“Our trees rise in cones, globes and pyramids. We see the marks of scissors upon every plant and bush….I would rather look upon a tree in all its luxuriancy and diffusion of boughs and branches, then when it is thus cut and trimmed into a mathematical figure; and cannot but fancy that an orchard in flower looks infinitely more delightful, than all the little labyrinths of the most finished parterre.”
Joseph Addison (1672 – 1719)
Autumn is about more than colouring foliage. Despite an indifferent summer, we are gently morphing into autumn. When the autumn rains arrive – which they will and probably sooner rather than later – it is a signal that optimal planting time is here, particularly for woody trees and shrubs which includes hedges. Planting in autumn gives time for root systems to start developing before growth slows down or stops in winter, positioning the plants to take full advantage of spring growth. It means most plants will be well established before the potential stress of drought next summer. The more traditional spring planting dates back to the days when garden centres did not get delivery of new season stock until late winter. Nowadays, most nursery stock is container grown and available all year round but old gardening habits die hard. The more drought-prone you are, the more important it is that you plant before winter, not after it.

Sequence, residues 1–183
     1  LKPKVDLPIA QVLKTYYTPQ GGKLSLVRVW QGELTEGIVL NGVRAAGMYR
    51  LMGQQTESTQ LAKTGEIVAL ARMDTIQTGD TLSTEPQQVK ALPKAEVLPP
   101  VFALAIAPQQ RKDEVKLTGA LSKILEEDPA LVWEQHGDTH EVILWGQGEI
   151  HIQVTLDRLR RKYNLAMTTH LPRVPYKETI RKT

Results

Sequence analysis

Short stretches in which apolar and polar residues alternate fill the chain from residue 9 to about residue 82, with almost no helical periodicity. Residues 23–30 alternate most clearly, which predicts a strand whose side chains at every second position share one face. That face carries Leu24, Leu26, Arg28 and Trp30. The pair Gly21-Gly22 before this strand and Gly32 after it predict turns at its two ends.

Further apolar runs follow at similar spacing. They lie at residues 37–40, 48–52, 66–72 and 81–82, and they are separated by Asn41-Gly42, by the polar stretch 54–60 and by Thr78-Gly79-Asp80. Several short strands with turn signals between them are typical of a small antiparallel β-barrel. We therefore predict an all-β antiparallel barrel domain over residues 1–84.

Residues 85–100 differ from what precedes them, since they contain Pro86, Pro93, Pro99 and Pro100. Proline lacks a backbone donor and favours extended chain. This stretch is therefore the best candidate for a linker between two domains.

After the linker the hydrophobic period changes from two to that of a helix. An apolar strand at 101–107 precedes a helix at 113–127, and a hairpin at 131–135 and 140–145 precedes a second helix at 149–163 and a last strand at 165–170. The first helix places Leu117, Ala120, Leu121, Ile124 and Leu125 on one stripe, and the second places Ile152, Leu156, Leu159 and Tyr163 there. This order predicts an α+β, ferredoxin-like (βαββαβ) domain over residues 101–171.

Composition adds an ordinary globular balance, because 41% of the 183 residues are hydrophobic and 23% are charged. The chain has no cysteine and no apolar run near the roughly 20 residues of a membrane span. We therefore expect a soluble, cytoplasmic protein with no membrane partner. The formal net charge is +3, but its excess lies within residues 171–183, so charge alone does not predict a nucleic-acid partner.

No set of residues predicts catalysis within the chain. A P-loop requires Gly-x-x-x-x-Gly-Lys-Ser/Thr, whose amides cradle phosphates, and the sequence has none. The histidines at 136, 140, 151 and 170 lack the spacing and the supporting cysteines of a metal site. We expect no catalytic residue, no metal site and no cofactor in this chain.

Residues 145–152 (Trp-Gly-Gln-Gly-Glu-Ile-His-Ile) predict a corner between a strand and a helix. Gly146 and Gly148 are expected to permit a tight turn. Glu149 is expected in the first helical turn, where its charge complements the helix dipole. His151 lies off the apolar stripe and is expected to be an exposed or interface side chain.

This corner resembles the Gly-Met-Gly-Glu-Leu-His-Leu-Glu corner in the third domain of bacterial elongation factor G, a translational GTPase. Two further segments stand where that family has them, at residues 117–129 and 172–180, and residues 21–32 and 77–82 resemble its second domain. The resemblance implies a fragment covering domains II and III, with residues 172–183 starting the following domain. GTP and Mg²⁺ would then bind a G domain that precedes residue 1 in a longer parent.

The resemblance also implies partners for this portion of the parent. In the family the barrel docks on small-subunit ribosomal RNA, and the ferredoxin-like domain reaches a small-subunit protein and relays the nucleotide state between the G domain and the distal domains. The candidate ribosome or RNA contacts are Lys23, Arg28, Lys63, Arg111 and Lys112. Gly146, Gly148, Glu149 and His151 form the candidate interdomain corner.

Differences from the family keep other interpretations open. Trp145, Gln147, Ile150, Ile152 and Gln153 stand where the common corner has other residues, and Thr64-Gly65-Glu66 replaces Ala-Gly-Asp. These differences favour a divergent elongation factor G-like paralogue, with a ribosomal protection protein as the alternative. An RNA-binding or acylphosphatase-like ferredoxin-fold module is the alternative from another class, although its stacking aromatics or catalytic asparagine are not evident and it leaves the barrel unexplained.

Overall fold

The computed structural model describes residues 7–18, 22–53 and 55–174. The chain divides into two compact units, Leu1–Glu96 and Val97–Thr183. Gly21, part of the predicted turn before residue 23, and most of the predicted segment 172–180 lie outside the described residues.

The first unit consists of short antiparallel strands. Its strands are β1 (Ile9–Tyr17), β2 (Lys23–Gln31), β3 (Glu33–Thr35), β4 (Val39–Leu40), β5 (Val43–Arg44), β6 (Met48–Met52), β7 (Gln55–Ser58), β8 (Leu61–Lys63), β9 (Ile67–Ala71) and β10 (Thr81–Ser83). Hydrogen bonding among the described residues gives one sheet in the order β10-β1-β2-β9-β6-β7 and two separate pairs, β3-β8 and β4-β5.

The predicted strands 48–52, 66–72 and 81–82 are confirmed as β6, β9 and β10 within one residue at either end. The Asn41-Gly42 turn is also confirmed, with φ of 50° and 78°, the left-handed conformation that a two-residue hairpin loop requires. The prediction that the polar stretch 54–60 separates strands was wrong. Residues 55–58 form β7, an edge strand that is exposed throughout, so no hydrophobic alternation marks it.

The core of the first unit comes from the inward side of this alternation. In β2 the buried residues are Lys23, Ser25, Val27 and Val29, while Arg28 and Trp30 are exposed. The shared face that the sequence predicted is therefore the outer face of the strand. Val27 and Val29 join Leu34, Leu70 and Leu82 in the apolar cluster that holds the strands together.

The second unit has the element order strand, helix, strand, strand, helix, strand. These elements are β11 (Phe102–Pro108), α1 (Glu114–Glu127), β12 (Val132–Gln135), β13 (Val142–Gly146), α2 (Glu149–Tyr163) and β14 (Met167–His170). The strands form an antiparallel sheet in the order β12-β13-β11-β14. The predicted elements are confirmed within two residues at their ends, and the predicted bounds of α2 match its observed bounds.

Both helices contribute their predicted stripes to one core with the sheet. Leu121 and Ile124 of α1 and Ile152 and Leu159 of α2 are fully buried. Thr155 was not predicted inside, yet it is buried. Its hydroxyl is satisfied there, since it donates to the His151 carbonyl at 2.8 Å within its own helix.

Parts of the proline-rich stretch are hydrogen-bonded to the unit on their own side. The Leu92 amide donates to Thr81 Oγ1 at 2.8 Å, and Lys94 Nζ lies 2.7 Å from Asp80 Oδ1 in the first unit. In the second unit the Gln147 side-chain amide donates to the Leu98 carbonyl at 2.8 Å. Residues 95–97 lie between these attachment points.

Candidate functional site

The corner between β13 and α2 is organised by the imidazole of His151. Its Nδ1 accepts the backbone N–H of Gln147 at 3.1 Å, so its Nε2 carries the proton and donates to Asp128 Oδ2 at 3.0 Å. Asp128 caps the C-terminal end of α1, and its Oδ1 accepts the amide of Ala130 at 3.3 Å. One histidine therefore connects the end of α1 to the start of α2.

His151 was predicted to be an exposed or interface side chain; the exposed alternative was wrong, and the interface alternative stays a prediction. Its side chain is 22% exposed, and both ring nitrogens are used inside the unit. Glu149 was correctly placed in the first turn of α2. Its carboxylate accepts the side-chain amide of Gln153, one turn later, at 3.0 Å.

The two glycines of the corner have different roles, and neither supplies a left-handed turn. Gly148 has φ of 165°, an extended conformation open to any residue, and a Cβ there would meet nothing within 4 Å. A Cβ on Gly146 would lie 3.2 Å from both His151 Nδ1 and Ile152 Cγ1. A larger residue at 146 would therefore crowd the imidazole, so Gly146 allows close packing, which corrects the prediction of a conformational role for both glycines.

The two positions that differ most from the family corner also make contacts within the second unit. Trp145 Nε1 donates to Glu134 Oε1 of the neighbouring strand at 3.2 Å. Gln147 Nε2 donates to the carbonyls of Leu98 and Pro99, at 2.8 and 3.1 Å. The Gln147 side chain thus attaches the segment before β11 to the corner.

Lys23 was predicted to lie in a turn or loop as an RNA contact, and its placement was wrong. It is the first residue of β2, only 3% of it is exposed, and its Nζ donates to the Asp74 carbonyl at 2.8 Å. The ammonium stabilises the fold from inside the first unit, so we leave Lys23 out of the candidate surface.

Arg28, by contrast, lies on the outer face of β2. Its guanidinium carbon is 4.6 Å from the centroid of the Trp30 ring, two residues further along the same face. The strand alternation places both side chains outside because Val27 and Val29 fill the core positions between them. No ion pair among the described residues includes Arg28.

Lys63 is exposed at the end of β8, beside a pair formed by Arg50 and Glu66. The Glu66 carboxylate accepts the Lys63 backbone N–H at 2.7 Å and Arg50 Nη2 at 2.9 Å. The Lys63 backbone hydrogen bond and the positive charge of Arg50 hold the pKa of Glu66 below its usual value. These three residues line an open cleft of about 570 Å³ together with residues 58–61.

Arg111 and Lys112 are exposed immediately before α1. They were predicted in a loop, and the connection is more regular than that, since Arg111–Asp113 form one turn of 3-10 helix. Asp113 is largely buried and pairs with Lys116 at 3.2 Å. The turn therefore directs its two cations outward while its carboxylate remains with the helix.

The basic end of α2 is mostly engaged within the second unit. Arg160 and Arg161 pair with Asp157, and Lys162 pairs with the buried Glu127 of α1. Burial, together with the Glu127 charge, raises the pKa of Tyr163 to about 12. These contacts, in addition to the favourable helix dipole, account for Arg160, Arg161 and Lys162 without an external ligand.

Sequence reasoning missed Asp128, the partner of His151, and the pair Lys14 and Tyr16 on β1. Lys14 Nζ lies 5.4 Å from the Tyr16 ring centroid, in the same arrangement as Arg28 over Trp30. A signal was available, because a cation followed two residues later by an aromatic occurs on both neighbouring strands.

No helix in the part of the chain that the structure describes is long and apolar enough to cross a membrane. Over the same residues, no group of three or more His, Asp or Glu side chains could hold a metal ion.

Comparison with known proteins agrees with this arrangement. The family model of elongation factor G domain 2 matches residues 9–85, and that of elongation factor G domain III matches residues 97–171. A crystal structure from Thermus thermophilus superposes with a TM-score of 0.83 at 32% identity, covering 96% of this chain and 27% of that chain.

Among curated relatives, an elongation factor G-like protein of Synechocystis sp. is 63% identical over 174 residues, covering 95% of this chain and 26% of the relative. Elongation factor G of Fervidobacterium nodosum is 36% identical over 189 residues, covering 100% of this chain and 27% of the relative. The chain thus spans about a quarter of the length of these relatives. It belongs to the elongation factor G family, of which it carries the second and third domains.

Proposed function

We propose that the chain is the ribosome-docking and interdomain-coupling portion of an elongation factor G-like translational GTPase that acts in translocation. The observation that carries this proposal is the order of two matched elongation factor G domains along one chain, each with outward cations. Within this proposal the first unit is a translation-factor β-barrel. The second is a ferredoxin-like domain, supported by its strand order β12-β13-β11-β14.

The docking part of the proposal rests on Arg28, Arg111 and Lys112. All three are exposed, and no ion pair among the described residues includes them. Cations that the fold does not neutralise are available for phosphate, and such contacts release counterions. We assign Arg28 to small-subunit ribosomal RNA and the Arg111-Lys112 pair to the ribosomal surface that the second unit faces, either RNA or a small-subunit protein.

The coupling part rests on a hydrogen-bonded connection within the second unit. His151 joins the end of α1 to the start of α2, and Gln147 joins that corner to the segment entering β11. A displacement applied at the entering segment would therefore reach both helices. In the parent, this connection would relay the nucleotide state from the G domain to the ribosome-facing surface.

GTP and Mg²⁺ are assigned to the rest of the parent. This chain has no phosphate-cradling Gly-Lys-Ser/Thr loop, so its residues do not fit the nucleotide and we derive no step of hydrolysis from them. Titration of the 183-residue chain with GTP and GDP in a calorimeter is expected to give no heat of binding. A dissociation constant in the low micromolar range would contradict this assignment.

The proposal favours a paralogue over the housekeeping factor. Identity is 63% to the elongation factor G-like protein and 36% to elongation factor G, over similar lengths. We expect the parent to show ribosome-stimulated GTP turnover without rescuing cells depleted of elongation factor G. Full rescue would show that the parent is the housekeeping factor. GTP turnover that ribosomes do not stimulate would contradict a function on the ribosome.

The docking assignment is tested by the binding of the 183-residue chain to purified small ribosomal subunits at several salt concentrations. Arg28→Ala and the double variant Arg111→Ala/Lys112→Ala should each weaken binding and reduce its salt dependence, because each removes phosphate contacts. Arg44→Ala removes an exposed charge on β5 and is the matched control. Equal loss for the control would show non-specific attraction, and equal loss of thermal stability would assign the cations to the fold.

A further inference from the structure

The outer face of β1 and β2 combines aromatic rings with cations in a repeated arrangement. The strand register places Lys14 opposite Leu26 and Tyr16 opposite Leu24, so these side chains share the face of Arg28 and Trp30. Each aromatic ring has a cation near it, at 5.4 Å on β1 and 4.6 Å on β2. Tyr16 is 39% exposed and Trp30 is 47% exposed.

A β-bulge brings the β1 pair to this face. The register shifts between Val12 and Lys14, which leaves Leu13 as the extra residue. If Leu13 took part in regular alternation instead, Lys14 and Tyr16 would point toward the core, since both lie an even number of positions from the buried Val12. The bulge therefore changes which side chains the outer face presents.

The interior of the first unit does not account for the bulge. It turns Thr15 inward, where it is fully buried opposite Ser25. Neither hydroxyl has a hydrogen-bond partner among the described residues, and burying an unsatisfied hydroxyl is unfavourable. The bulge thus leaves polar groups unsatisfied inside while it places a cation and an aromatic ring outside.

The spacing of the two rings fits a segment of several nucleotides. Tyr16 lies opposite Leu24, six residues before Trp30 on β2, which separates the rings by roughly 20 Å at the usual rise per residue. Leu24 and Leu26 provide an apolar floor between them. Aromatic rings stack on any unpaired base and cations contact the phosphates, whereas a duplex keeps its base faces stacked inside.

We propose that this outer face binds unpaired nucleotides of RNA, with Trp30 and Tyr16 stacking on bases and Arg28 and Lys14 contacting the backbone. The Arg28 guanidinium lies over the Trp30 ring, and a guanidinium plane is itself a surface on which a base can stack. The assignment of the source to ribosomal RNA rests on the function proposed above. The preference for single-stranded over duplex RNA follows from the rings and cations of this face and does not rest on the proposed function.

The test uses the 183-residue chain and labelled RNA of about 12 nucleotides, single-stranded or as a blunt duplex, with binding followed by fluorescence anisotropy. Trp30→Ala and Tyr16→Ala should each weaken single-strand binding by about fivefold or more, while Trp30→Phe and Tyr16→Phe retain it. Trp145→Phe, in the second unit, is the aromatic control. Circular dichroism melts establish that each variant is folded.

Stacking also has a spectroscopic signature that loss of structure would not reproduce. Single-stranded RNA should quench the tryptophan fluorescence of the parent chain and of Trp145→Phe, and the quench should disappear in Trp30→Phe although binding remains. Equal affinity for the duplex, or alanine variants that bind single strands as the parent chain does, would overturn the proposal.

While you are waiting for the autumn rains, you can be planting out winter vegetables. The reference to “winter veg” does not mean you plant them in winter. They need to be planted in autumn because they make most of their growth before winter and can then be held in the ground through the lower temperatures to be harvested fresh as required. White butterflies are still very active, so if you are planting winter brassicas (and that includes rocket and many of the Chinese greens as well as the usual cabbage, cauli and broc), you may need to erect some sort of cover to stop them becoming caterpillar fodder in the early stages.
First published in the Waikato Times and reprinted here with their permission.